CIVIL WAR NARRATIVES—IN VISUAL IMAGES
There are six images here. Each tells part of the story of the Civil War in a different way. One option is to show them the images and have them brainstorm, perhaps write captions for them or imagine them as part of a series. What image came before or after? We are including some background to give you information that you may share with your students.
Specific Questions to Consider
For the two Song Covers: Songs were a way to pay tribute as well as generate support for one side or another. Perhaps have students write a song about someone they consider to be special or brave. How would they show that in a picture?
The Heroes Poster. What is a Hero? What traits do they consider to be heroic? Who are the heroes of their lives? Do they know any heroes?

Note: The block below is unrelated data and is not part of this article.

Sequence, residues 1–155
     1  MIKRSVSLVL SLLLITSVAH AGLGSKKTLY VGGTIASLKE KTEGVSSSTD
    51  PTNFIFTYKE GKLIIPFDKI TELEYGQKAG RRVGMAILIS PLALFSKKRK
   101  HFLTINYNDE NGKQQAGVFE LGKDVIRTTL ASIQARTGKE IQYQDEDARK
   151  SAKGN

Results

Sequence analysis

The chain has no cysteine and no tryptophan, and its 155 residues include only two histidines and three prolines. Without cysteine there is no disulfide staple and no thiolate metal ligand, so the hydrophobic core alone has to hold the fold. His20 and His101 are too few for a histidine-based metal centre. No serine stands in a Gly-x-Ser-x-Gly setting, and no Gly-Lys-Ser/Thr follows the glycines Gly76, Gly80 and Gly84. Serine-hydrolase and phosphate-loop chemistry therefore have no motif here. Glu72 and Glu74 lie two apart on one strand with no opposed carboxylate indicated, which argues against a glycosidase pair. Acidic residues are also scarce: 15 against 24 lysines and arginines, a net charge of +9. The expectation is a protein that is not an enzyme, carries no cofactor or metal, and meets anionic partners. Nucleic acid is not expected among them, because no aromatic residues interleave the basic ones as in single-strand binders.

The Torn in Two Cartoon. The country is literally being torn in half. This is a cartoon but it is not funny. How can cartoons show serious problems we face? What might the next frame of the cartoon have looked like? Are there any topics in the news now that they might show in a cartoon?
For more on the Burns Lithography, please refer back to Lesson Five. This tells his story in a series of pictures. Imagine the life of someone else told in this way.
Scott’ Great Snake. This is a simple version of the military strategy of the North in the Civil War. What do they think the North is planning to do? How will they defeat the South? Why did the map maker choose a snake? What other images do they see in the drawing?
Time to introduce Exhibit Items: 30-45 minutes
Time to Research Topic: homework and class time
Time to Create Own Image: homework and class time